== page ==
Small Five Group Draft Proposal on Security Council Reform - November 11
The Small Five Group is a likeminded group that has put forth recommendations for Security Council reform, mainly on the Working Methods of the Security Council. Compromised of Switzerland, Costa Rica, Jordan, Liechtenstein and Singapore, the Small Five Group (S5) has presented various draft resolutions since 2008 calling for Security Council reform.
The most recent S5 draft resolution was released in April 2011. Ultimately, the April 2011 S5 resolution advocates for the reform of the Security Council’s “working methods.” By this, the S5 group meant that greater transparency must be practiced in formulating reports and working papers within the Security Council. Other issues discussed included membership; the question of veto power; and questions regarding the relationship between the Security Council and the General Assembly.
In regards to the Security Council’s relationship with the General Assembly, the S5 resolution calls for greater transparency and communication between the two bodies. The April 2011 resolution also called for greater participation of “country-specific configurations” within the Security Council, so as to ensure that other member states’ opinions would be taken into consideration. This may also be achieved by establishing subsidiary bodies, in order to provide more formal and informal reports on the Security Council’s decisions. In establishing greater participation amongst member states, it may be possible for the Security Council to reflect on its decisions.
Finally, in regards to veto power, the S5 resolution strongly suggests that permanent members of the Security Council provide explanations as to why they are using the veto. These explanations should then be distributed amongst the Member States, so as to alert UN members of their decision. In addition, the S5 recommends that permanent members refrain from using the veto in cases of genocide, crimes against humanity, and “grave breaches” of international humanitarian law.
In November 2011, during the debate on Security Council Reform, some proposals such as the S5 resolution were debated. Many member states have advocated that the issues not be dealt with individually, but be part of an overall process of reform. Additionally, many expressed the need to have greater transparency within the Security Council. This was especially relevant in cases of peacekeeping operations, in which countries must be able to express their sovereign rights. The issue of greater transparency was also extended to the situation of thematic discussions; as specific themes are discussed in the Security Council, it is important that relevant countries have representatives present.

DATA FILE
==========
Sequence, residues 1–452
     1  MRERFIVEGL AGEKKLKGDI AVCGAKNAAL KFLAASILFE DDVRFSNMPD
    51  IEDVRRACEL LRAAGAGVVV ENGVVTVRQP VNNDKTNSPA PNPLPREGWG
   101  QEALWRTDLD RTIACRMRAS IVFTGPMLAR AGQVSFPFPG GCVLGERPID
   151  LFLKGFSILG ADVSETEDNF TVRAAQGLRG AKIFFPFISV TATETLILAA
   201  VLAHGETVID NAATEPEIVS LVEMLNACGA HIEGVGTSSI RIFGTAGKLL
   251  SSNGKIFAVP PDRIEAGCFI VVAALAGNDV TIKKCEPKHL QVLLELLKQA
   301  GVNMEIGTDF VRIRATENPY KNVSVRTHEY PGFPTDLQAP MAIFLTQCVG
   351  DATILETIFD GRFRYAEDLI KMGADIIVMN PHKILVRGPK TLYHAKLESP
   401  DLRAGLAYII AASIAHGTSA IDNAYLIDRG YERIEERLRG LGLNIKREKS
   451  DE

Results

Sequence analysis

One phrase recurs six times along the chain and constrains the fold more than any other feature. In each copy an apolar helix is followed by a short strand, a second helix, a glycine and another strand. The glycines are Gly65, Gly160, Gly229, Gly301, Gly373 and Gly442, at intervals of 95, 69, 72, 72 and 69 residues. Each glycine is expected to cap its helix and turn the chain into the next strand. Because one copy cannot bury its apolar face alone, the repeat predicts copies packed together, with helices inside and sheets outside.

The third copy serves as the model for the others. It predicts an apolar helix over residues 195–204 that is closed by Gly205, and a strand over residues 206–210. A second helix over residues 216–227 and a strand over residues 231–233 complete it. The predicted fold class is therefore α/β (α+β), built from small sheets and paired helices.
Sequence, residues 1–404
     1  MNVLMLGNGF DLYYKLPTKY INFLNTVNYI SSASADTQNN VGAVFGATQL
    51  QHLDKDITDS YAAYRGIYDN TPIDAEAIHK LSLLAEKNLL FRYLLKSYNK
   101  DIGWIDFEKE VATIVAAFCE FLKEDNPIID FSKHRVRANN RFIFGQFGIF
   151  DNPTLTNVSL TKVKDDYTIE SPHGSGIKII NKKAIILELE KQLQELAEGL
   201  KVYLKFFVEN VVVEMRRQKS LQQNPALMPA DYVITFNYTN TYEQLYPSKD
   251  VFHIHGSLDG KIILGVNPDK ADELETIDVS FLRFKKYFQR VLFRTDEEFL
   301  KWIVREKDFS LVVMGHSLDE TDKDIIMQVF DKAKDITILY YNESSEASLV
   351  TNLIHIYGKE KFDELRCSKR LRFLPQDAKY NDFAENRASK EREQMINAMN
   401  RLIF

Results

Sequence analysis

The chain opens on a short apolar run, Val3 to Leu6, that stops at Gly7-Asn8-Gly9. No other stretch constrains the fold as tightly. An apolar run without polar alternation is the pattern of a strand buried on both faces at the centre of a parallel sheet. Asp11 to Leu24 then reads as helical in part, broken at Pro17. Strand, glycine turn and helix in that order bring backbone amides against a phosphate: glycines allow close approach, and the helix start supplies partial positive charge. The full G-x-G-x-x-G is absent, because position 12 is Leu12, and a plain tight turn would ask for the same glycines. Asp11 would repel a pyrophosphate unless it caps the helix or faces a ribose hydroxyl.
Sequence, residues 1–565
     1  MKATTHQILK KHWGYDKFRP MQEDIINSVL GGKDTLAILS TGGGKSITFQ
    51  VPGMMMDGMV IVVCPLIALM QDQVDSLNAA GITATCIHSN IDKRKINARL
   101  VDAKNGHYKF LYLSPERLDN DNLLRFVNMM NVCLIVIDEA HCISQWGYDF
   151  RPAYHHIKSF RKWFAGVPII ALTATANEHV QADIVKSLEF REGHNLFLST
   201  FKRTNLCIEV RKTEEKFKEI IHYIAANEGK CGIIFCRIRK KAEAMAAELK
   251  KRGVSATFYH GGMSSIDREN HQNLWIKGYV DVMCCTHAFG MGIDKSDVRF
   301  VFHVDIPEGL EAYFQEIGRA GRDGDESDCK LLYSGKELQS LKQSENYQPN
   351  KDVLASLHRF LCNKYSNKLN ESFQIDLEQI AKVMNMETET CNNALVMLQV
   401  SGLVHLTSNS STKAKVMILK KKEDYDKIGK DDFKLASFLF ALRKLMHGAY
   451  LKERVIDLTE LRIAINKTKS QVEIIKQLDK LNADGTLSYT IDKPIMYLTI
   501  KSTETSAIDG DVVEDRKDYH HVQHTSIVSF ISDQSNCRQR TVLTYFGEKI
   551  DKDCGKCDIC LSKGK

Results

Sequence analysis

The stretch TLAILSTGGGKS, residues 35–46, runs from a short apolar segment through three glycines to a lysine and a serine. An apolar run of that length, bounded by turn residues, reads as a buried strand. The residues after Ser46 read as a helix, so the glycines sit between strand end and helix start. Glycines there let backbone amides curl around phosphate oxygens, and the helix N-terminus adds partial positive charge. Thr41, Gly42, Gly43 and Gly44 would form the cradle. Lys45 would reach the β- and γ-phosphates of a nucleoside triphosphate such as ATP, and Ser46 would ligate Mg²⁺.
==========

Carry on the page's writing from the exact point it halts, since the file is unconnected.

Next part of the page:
Some other statements on Security Council Reform included the one from the Egyptian delegate who specifically called for a more comprehensive report on where and when the Council had failed to act on its non-permanent members’ wishes. The United States representative said her Government was open to a “modest” expansion of both permanent and non-permanent members, but that expansion must be “country-specific.” China additionally supported “reasonable” reform. And finally, France outwardly supported permanent membership of the G-4 nations (Germany, Brazil, India, and Japan).
Of the many member states speaking, the delegate from Liechtenstein provided the most comprehensive framework for Security Council reform. Advocating a “compromise enlargement model,” Lichtenstein’s representative suggested that non-permanent member states have the option to serve beyond their current two-year term. This way, non-permanent members could easily be reelected, and potentially become semi-permanent members of the Security Council.
The S5 will continue to push forward its proposal within the framework of the discussions around Security Council reform over the coming months.